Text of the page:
↓ Skip to main content

Cerebrospinal fluid soluble TREM2 levels in frontotemporal dementia differ by genetic and pathological subgroup

Overview of attention for article published in Alzheimer's Research & Therapy, August 2018
Altmetric Badge

About this Attention Score

  • In the top 25% of all research outputs scored by Altmetric
  • High Attention Score compared to outputs of the same age (87th percentile)

Mentioned by

news
2 news outlets
twitter
2 tweeters

Citations

dimensions_citation
8 Dimensions

Readers on

mendeley
41 Mendeley
You are seeing a free-to-access but limited selection of the activity Altmetric has collected about this research output. Click here to find out more.
Title
Cerebrospinal fluid soluble TREM2 levels in frontotemporal dementia differ by genetic and pathological subgroup
Published in
Alzheimer's Research & Therapy, August 2018
DOI 10.1186/s13195-018-0405-8
Pubmed ID
Authors

Ione O. C. Woollacott, Jennifer M. Nicholas, Amanda Heslegrave, Carolin Heller, Martha S. Foiani, Katrina M. Dick, Lucy L. Russell, Ross W. Paterson, Ashvini Keshavan, Nick C. Fox, Jason D. Warren, Jonathan M. Schott, Henrik Zetterberg, Jonathan D. Rohrer

Abstract

Reliable biomarkers of frontotemporal dementia (FTD) are currently lacking. FTD may be associated with chronic immune dysfunction, microglial activation and raised inflammatory markers, particularly in progranulin (GRN) mutation carriers. Levels of soluble triggering receptor expressed on myeloid cells 2 (sTREM2) are elevated in Alzheimer's disease (AD), but they have not been fully explored in FTD. We investigated whether cerebrospinal fluid (CSF) sTREM2 levels differ between FTD and controls, across different clinical and genetic subtypes of FTD, or between individuals with FTD due to AD versus non-AD pathology (based on CSF neurodegenerative biomarkers). We also assessed relationships between CSF sTREM2 and other CSF biomarkers (total tau [T-tau], tau phosphorylated at position threonine-181 [P-tau] and β-amyloid 1-42 [Aβ42]) and age and disease duration. Biomarker levels were measured using immunoassays in 17 healthy controls and 64 patients with FTD (behavioural variant FTD, n = 20; primary progressive aphasia, n = 44). Ten of 64 had familial FTD, with mutations in GRN (n = 3), MAPT (n = 4), or C9orf72 (n = 3). Fifteen of 64 had neurodegenerative biomarkers consistent with AD pathology (11 of whom had logopenic variant PPA). Levels were compared using multivariable linear regressions. CSF sTREM2 levels did not differ between FTD and controls or between clinical subgroups. However, GRN mutation carriers had higher levels than controls (mean ([SD] = 9.7 [2.9] vs. 6.8 [1.6] ng/ml; P = 0.028) and MAPT (3.9 [1.5] ng/ml; P = 0.003] or C9orf72 [4.6 [1.8] ng/ml; P = 0.006) mutation carriers. Individuals with AD-like CSF had higher sTREM2 levels than those with non-AD-like CSF (9.0 [3.6] vs. 6.9 [3.0] ng/ml; P = 0.029). CSF sTREM2 levels were associated with T-tau levels in control and FTD groups and also with P-tau in those with FTD and AD-like CSF. CSF sTREM2 levels were influenced by both age and disease duration in FTD. Although CSF sTREM2 levels are not raised in FTD overall or in a particular clinical subtype of FTD, levels are raised in familial FTD associated with GRN mutations and in FTD syndromes due to AD pathology. Because CSF sTREM2 levels correlate with a marker of neuronal injury (T-tau), sTREM2 should be explored as a biomarker of disease intensity in future longitudinal studies of FTD.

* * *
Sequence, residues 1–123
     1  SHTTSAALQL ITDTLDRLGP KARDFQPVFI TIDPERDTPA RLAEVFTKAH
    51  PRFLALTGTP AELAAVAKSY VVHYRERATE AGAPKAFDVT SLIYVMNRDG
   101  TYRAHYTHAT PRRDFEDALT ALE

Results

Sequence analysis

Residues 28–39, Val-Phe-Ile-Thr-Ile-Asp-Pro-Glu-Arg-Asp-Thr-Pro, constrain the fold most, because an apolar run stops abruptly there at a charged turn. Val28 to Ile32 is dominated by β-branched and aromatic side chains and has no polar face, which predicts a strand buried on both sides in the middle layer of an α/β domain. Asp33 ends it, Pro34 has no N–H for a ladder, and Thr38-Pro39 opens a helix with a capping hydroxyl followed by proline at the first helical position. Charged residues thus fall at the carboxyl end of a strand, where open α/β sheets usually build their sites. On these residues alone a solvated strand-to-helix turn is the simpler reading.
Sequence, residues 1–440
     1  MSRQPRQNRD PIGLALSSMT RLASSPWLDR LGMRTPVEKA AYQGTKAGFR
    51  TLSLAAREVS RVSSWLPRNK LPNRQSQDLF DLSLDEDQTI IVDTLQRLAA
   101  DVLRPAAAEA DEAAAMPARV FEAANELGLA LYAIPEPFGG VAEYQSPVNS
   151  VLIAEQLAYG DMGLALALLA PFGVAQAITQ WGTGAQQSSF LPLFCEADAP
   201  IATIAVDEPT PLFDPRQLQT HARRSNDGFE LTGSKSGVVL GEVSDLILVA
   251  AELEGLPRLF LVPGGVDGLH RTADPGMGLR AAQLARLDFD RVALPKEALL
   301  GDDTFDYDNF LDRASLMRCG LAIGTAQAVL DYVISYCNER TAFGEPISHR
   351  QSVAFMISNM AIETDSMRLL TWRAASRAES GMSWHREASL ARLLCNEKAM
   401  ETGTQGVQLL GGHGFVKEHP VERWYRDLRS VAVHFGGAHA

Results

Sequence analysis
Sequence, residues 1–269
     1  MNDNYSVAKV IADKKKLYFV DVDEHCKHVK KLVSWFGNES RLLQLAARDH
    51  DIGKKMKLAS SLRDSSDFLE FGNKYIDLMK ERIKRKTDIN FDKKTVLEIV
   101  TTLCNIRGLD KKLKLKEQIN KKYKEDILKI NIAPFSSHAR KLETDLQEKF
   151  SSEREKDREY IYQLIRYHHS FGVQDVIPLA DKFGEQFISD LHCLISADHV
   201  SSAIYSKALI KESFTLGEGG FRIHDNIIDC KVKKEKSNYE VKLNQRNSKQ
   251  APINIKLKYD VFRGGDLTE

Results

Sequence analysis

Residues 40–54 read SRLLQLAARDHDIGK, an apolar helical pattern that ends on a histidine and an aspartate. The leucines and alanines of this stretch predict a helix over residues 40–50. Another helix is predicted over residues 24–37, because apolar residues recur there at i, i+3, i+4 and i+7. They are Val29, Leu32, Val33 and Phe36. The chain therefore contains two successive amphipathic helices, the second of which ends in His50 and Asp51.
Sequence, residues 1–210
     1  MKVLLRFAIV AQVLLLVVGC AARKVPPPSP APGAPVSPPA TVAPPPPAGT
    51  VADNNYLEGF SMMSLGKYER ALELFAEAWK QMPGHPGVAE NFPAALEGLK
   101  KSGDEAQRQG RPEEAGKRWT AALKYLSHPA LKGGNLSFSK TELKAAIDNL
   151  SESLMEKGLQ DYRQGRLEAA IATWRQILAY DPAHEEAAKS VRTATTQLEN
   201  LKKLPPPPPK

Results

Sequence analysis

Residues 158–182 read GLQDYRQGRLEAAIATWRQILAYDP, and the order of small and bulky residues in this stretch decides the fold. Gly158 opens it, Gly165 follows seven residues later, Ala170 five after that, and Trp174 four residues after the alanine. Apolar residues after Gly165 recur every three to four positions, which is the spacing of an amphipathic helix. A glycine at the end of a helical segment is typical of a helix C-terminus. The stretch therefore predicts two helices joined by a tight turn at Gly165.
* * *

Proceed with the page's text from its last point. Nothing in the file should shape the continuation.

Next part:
Twitter Demographics

The data shown below were collected from the profiles of 2 tweeters who shared this research output. Click here to find out more about how the information was compiled.

Mendeley readers

The data shown below were compiled from readership statistics for 41 Mendeley readers of this research output. Click here to see the associated Mendeley record.

Geographical breakdown

Country Count As %
Unknown 41 100%

Demographic breakdown

Readers by professional status Count As %
Student > Ph. D. Student 9 22%
Student > Master 7 17%
Researcher 6 15%
Student > Bachelor 5 12%
Other 3 7%
Other 4 10%
Unknown 7 17%
Readers by discipline Count As %
Neuroscience 14 34%
Medicine and Dentistry 8 20%
Biochemistry, Genetics and Molecular Biology 3 7%
Agricultural and Biological Sciences 2 5%
Computer Science 1 2%
Other 3 7%
Unknown 10 24%

Attention Score in Context

This research output has an Altmetric Attention Score of 17. This is our high-level measure of the quality and quantity of online attention that it has received. This Attention Score, as well as the ranking and number of research outputs shown below, was calculated when the research output was last mentioned on 31 August 2018.
All research outputs
#930,886
of 13,451,706 outputs
Outputs from Alzheimer's Research & Therapy
#146
of 598 outputs
Outputs of similar age
#27,272
of 223,625 outputs
Outputs of similar age from Alzheimer's Research & Therapy
#1
of 1 outputs
Altmetric has tracked 13,451,706 research outputs across all sources so far. Compared to these this one has done particularly well and is in the 93rd percentile: it's in the top 10% of all research outputs ever tracked by Altmetric.
So far Altmetric has tracked 598 research outputs from this source. They typically receive a lot more attention than average, with a mean Attention Score of 18.0. This one has gotten more attention than average, scoring higher than 74% of its peers.
Older research outputs will score higher simply because they've had more time to accumulate mentions. To account for age we can compare this Altmetric Attention Score to the 223,625 tracked outputs that were published within six weeks on either side of this one in any source. This one has done well, scoring higher than 87% of its contemporaries.
We're also able to compare this research output to 1 others from the same source and published within six weeks on either side of this one. This one has scored higher than all of them